Epstein went on to say that he didn’t believe any clubs were engaged in malicious behavior or that they were defrauding their fans under the guise of rebuilding, but it’s not as if he could come out and publicly acknowledge such shenanigans. What he did here was plant his flag or draw a line in the sand to explain once more how and why he and the Cubs did what they did.
You almost wonder if Epstein and Jed Hoyer feel a little like Pandora here, as though they are at least partially responsible for pulling this strategy from the fringes and into the mainstream. Or if they’re trying at all to distance themselves from any perceived fault, like “Hey, we were trying to win. Don’t blame us for all these yahoos slashing payroll and sucking in perpetuity.”
Not that anyone’s actually blaming the Cubs, per se, but we can follow the disparate filaments back to the original thread and see how Epstein and Hoyer set the standard for pulling off the lose-to-win thing. To be fair, the Astros did much of the same, though their efforts were nearly as highly publicized. It’s difficult to throw the Royals in there because they went through too long a period of sustained suckiness to really offer a reasonable template to other franchises.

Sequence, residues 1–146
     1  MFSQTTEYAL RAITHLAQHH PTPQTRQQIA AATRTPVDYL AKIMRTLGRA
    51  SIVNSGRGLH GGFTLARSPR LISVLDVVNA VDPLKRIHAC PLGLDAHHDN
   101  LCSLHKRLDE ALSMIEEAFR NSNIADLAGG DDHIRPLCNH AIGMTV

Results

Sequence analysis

The real problem comes when this whole strategy is writ large in black and white, thereby losing any of the gray-washed nuance and finer details that should otherwise be obvious. Rather than pay attention to the process, we see the end result and assume that they’re easy to achieve. Quite the opposite is true, as actually succeeding requires countless different factors to fall in line.
Just picking at the top of draft doesn’t guarantee success, since you still have to develop those players and have them stay healthy, not to mention be able to deal with the various stressors of the sport. You have to hit on some free agents, maybe even get lucky on some bargain pickups. Then you need to trade for the right guys to fill holes in the roster. And don’t forget the random injuries or hiccups to other teams that could push a playoff outcome one way or the other.